Friday, July 3, 2009

Blunders mar marathon

Source: The Star
Thursday July 2, 2009


VALLEY VIEWS WITH Y.P.SIVAM


THE Standard Chartered KL Marathon, held for the first time this year, concluded on Sunday. While the organisers must be glad that the whole event is over, they must be held responsible for the glaring, embarrassing mistakes.

To say the Malaysian Amateur Athletics Union (MAAU) and Octagon South East Asia failed would be an understatement.

They had promised to organise an international event with about 12,500 participants and a memorable experience for the runners, spectators as well as the media.

Unfortunately, they did not live up to the promise and it was chaotic end to the race.

The prize-giving ceremony was a farce. Former international R. Muniandy was the fastest Malaysian in the 42km run, crossing the finishing line in a personal best of 2’31:52. Shaharudin Abdullah, who had represented Malaysia in the Korat SEA Games, clocked 2’39:52 to come in second.


I am the champion: Kenya’s Julius Ndiritu Karinga lifting his arm as he crosses the finishing line.

Even the electronic media had interviewed Muniandy after he crossed the finishing line. But Shaharudin was announced the winner and he went up to receive his prize, much to his own surprise.

A media official, who had been covering marathons for almost 10 years, was embarrassed about the whole incident.

“This is the first time I am seeing this happen. I have to wait for the official results to determine the winner. Until then the clippings cannot be carried,’’ said the official.

N.T. Balan, who has been a technical official since the first Kuala Lumpur International Marathon (KLIM) in 1984, said he had a shock when Shaharudin was called up to receive the prize from Datin Seri Rosmah Mansor, the wife of Prime Minister Datuk Seri Najib Tun Razak.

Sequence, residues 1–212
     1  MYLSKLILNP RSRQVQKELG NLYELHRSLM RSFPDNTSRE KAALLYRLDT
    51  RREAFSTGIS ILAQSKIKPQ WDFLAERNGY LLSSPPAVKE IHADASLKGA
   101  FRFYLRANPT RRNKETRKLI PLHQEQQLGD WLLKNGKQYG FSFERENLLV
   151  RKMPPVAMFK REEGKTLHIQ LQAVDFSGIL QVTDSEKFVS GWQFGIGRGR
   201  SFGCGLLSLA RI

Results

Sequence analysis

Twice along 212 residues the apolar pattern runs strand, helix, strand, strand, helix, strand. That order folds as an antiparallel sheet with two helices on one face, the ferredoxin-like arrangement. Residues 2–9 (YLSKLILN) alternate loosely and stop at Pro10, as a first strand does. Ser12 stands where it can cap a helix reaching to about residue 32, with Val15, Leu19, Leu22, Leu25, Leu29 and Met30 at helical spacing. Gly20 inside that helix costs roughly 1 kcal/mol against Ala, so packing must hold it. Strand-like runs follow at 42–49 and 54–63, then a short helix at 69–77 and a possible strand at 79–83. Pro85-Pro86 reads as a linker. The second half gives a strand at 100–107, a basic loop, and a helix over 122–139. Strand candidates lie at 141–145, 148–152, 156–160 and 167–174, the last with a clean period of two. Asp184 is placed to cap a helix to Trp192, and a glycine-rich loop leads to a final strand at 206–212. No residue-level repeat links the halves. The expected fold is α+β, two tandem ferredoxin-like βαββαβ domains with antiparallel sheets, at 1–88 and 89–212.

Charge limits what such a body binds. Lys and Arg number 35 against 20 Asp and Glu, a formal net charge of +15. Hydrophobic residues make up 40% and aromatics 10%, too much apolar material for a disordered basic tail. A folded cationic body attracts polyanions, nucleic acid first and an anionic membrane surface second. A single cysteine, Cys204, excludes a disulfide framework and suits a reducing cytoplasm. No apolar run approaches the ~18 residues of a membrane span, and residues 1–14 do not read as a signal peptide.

“We had the results with us. We had also compiled the results manually to avoid any problems.

“Unfortunately, the organisers chose not to consult us and went ahead. It was an embarrassing situation for the VIPs present on stage during the ceremony,’’ said Balan.

The blunder involving Muniandy and Shaharudin was not the only bad episode at Dataran Merdeka on that day. The media were not presented with the official results. The group then left at noon after waiting almost three hours.

That was the reason the results of all the categories were not published in the newspapers. The runners also did not have any good words for the organisers.

An elderly participant said no one was at the water stations when he reached the crucial last 10km.

“That is the time when we need water to avoid dehydration. I don’t know why the water stations were not manned and we had to struggle to the finishing line. I took part in the Standard Chartered Marathon in Singapore and it was not like this,’’ said the participant.

The route also came under fire. There were many turning points as the organisers wanted the participants to go through the important landmarks in the city. Unfortunately, this led to the participants criss-crossing and running the wrong way.

In fact, many doubted the official results as they felt the runners did not go through the actual route. The chip system was also questionable.

In the past, the Federal Territory Amateur Athletics Association (FTAAA), as one of the organisers, had handled the technical aspects involved in the marathon. This time the MAAU, as the national body, took charge.

There were also about 200 volunteers but they did not have any experience in the running of a marathon.

The Standard Chartered Bank should be praised for creating a carnival atmosphere at Dataran Merdeka. As the main sponsors, they should not be blamed for the unsporting incidents during the marathon.

The MAAU must realise that they don’t have the expertise to organise a marathon for 12,500 participants. They are just the governing body for athletics in Malaysia. They should work closely with their affiliates to run mammoth events like the marathon.

The MAAU, Octagon and the Standard Chartered Bank should take this year’s KL Marathon as a learning mission. Hopefully, we can see a better marathon next year.
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